A lot can change in a year, both with one ballclub such as the Orioles and in the game itself.
So, when Alex Cobb wasn’t ready to start early in the 2018 season, before the "opener" craze became smart baseball strategy, Mike Wright took a spot start and nearly imploded on the mound at Yankee Stadium.
A year later, with the Orioles forced to adjust their rotation on account of Cobb yet again, they instead deployed the opener strategy and pitched themselves into a position where Wright was required to clean up a ninth-inning mess.
Wright came through for a two-out save Saturday to secure a 5-3 Orioles win over the New York Yankees, giving manager Brandon Hyde his first big league victory.
As the Orioles wrestle with their new place as a progressive baseball team focused on the future, with ideas like the opener thrust upon their unproven major league roster, it’s fitting that Hyde’s first win came amid all that.
"Nice and easy," Hyde said, shortly after a group of players and coaches tossed the brawny former catcher into a laundry cart, rolled him into the shower of the visiting clubhouse at Yankee Stadium and soaked him in beer to celebrate his first win.
It was a win born of circumstances of the Orioles' making, made more complicated than it to be because they went with an opener instead of a traditional starter as they would have done even a year ago.
But it was a win solidified by Hyde's belief that the only way for players to get better is to get a chance in difficult situations. Wright, who could have started the game if the Orioles wanted to go that way, got his first career save by thriving with two strikeouts in the ninth inning.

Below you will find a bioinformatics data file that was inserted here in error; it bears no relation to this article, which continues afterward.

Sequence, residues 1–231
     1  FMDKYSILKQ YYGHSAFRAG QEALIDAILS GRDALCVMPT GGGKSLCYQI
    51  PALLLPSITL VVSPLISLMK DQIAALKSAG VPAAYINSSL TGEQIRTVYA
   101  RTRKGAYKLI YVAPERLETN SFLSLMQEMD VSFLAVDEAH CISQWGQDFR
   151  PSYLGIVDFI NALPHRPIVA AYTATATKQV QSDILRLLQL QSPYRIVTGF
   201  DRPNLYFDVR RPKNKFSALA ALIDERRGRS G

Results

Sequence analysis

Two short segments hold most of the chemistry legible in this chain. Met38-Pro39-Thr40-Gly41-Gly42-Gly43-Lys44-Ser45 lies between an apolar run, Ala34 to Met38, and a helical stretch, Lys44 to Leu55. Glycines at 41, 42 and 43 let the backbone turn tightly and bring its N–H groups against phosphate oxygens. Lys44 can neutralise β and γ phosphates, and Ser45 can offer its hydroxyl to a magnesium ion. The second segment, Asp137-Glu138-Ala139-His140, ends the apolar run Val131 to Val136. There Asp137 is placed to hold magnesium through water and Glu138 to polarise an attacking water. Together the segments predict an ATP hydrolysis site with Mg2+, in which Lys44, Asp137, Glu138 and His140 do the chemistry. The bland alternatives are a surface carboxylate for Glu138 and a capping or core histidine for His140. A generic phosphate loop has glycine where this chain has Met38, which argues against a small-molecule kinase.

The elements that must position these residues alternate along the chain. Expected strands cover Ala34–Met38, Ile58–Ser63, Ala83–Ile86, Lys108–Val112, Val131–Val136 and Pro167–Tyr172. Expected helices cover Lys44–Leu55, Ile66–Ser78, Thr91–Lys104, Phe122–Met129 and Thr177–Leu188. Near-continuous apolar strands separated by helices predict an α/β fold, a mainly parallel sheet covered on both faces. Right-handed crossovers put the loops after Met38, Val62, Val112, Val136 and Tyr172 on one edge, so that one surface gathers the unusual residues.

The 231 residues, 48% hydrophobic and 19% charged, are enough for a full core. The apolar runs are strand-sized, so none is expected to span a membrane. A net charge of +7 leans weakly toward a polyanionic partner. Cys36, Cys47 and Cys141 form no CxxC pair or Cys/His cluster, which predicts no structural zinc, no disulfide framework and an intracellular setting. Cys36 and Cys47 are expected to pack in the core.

Hyde got covered in maple syrup by Wright as a reward. It was sweeter for how that moment arrived.
Call it what you want: an old-fashioned bullpen game, or an unqualified emergency the way it was in September for the 2018 Orioles, or what Hyde referred to as the "catchphrase" of the “opener” that's sweeping the game.
The Orioles, as Cobb noted before Saturday’s game, are "in a position to experiment with" a practice that's being adopted for a reason in recent years, by teams with a data-driven bent. But there's some irony in the team's low expectations and unspoken hope for high draft picks being used as a cover for employing a strategy meant to increase the chances of winning.
There are countless strategic reasons, beginning with the simple fact that it's hard to turn over a major league lineup multiple times in the modern game. Deploying this method of covering 27 outs can put pitchers in positions to succeed that a traditional role might not. Against left-handed lineups, starting a right-hander and following with a left-handed pitcher who has starter length can also create matchup advantages.
Yet as the Tampa Bay Rays and the Oakland Athletics rode the strategy to 90-win seasons last year, it took away the chance for their young pitchers to develop as true starters and build up innings in the majors. The Orioles decided to keep all of their young starters in the minors when they needed to adjust the rotation on short notice, and had a bullpen game in their second game of the season.
The Orioles planned to use Karns as a starter when they signed him, but instead used him in short stints during spring training after he didn't recover from his first start as well as he'd hoped. That they were in the position to use Karns the way they did Saturday was nominally because Cobb strained his groin and couldn't make his Opening Day start.
The Orioles, however, talked about deploying an opener long before Cobb's groin started to ache during his last spring start.
Cobb, who rejoined the team Saturday after a tune-up start in Sarasota, Fla., said he doesn't think he "had anything to do with the decision to go with it.”